Chandrayaan-2 spectrometer maps abundance of sodium on moon for first time

Tags: Science and Technology

The X-ray spectrometer ‘CLASS’ instrument on the Chandrayaan-2 orbiter has mapped an abundance of sodium on the moon for the first time, according to the Indian Space Research Organisation.

Important facts

  • This is the first attempt to measure sodium on the lunar surface on a global scale using X-ray fluorescent spectra.

  • CLASS was built at the U R Rao Satellite Centre of ISRO in Bengaluru. 

  • This report has recently been published in 'The Astrophysical Journal Letters'.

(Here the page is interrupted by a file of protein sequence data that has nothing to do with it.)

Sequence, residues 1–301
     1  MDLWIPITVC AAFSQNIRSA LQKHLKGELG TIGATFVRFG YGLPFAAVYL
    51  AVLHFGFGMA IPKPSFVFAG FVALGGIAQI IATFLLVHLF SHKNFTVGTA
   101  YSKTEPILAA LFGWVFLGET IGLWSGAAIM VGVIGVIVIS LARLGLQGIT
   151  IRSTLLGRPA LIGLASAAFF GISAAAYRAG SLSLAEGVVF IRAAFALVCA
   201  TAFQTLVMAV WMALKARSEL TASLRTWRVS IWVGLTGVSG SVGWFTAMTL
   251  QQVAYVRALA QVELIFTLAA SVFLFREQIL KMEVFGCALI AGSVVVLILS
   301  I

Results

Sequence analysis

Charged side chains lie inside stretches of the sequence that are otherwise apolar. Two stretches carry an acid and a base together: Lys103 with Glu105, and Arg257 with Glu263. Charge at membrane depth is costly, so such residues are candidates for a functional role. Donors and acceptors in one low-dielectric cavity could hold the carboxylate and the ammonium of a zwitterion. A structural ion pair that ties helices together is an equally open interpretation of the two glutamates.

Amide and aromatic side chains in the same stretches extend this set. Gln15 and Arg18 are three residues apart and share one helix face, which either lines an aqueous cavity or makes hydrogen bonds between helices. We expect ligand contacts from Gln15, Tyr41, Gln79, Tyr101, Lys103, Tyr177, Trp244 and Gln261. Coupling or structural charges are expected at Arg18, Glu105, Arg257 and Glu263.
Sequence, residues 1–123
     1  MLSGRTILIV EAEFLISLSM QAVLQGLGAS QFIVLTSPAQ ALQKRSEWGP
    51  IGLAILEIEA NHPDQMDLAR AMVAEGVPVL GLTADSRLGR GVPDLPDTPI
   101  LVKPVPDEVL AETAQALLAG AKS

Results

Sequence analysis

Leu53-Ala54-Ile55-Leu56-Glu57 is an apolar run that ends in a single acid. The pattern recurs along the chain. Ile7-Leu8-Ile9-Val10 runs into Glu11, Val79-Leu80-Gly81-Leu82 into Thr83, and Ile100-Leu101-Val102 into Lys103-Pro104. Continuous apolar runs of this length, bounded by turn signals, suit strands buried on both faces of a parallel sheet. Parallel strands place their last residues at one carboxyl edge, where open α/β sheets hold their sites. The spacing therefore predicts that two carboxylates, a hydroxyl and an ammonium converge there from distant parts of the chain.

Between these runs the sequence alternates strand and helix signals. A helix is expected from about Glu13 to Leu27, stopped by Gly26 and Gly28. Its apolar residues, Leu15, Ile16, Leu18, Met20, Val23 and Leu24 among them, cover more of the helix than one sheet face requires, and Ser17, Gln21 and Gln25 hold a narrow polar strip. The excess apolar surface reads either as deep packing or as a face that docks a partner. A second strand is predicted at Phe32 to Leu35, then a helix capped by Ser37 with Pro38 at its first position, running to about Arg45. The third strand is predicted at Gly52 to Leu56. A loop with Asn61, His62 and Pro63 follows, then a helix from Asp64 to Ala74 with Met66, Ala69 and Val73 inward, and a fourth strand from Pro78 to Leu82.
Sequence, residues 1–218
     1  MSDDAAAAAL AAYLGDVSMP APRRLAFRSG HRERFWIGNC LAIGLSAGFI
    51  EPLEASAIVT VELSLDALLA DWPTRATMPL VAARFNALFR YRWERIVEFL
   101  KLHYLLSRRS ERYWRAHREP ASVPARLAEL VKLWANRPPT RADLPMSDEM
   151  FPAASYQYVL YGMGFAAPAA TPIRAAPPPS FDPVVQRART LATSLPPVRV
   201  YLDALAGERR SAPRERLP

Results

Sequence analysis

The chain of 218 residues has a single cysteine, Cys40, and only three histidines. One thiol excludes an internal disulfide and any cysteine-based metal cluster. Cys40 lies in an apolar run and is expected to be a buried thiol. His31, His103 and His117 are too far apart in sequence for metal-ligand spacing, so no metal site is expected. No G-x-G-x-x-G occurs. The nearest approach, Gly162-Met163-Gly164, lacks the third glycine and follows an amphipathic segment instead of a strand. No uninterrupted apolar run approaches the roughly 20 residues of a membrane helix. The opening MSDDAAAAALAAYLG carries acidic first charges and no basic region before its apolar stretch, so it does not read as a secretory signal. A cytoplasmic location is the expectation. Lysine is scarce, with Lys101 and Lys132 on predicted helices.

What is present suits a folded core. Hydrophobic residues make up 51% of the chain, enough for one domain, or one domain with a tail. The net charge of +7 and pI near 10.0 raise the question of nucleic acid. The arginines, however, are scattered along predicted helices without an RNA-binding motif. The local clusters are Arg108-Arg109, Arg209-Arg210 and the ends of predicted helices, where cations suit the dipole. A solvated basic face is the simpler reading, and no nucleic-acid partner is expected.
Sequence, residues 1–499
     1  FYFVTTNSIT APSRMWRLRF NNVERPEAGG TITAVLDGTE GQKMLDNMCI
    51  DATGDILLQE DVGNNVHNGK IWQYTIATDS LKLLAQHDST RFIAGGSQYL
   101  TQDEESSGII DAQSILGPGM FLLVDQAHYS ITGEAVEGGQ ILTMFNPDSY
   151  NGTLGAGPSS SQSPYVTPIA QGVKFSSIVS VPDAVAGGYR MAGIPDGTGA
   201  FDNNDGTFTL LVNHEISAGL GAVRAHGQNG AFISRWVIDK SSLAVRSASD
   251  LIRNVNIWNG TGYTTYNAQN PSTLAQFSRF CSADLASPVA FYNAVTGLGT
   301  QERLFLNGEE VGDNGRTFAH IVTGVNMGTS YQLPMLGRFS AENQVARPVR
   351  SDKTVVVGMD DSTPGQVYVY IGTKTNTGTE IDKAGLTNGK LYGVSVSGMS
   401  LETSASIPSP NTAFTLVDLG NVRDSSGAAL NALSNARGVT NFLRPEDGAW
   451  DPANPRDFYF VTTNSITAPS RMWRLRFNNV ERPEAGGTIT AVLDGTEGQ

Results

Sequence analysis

• The new findings from Chandrayaan-2 provide an opportunity to study surface-exosphere interactions on the Moon.

X-Ray Fluorescence

  • It is commonly used to study the structure of matter in a non-destructive way.

  • When the Sun generates a solar flare, a large amount of X-ray radiation falls on the Moon, triggering X-ray fluorescence.

  • CLASS measures the energy of incoming X-ray photons from the Moon and calculates the total number.

  • The energy of the photon indicates the atom (for example, sodium atoms emit X-ray photons of 1.04 keV) and the intensity indicates the number of the atom.

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